As inflation has reached historical levels, lawmakers and analysts are grappling with the causes, including the shocks from the pandemic, both related to government-imposed restrictions and shifts in consumer demand.
This week on Twitter, one New York Times writer said the recent media headlines concerned about inflation are just “rich people” blaming policies like the $15 minimum wage. Instead of being justifiably concerned about the rapidly rising prices of common products, she argued the recent coverage is simply “hysterics,” also insinuating that inflation is actually beneficial to lower income people because “inflation favors debtors, and that’s what the hubbub is about…not milk prices.”
Unfortunately on both accounts, these arguments are incorrect.
Historical experience with minimum wage hikes show they do in fact cause prices to rise, which in turn most directly affects lower to middle income people who spend a larger proportion of their earnings on goods affected by inflation such as groceries.
A report by Heritage Foundation fellow James Sherk documents the snowball effect between minimum wage hikes, such as the $15 per hour already in several states and localities and proposed at the federal level this year, and resulting price increases. For example, a $15 federal minimum wage translates to a 107% increase of the current $7.25 per hour federal wage. When governments mandate steep minimum wage hikes, employers must alter their business model to account for the rising wage bill. In many cases, this requires businesses to raise prices that consumers pay to adapt to the greater cost of delivering their goods or services. Sherk argues this harms minimum wage earners and lower-income consumers the most, since now the prices of items they buy have increased too, reducing the purchasing power of their newly raised wages.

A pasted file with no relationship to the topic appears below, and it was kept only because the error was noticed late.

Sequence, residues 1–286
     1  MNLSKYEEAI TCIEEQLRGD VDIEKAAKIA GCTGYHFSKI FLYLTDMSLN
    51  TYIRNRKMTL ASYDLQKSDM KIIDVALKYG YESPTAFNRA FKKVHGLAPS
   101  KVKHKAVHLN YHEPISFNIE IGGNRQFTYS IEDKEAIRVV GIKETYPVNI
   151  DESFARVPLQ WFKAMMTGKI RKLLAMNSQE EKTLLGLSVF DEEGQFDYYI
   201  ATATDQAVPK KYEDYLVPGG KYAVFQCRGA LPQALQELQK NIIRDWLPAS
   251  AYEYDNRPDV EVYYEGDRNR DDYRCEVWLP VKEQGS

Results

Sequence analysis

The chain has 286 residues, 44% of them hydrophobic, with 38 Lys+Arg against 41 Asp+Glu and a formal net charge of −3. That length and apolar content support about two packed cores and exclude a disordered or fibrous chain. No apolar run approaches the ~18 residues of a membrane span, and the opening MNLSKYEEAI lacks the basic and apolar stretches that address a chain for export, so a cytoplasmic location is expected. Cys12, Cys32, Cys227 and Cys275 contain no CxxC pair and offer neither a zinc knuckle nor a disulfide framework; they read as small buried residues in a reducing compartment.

One review of the existing minimum wage literature containing predominantly United States data on price effects concludes that a 10 percent minimum wage increase raises prices by up to 0.3 percent.
One of the studies reviewed from the American Enterprise Institute found in the southern United States where living costs and wages were significantly lower, the same price hike could cause price increases up to 2.7%. More recent research also confirms the inflationary effects of rising minimum wages more significantly impact employers of minimum wage earners. For example, a Federal Reserve Bank of Chicago and U.S. Department of Agriculture study found the price increase effect of a minimum wage hike was more than doubled in fast-food restaurants, and even higher in lower-wage areas.
In addition, a Stanford University economist studied the distribution of price hike impacts by income level, and found that while “minimum wage workers live in families across the income distribution,” increasing the minimum wage drives the largest price increases for the poorest 20% of families.
This review of past research clearly demonstrates that minimum wages cause employers to raise prices to offset some of the increased wage bill. But this too comes at a cost – employers must be careful not to raise prices too much, triggering customer demand that is sensitive to price changes. Employers are unable to raise prices if they assess doing so will negatively affect demand and result in lower revenues, which will also not cover the increase in employee wages. If this occurs, employers are forced to adjust costs in other ways – like cutting other employee benefits, reducing scheduled hours for their employees, or laying employees off altogether.
Sherk argues the price hike effect of raising minimum wages combines with significant employment loss effects, meaning minimum wage earners are more likely to lose their jobs or experience reduced hours all while their cost of living increases. As a result, he maintains that raising minimum wages is an ineffective way to deliver benefits to lower income employees, given their inflationary and job-killing effects.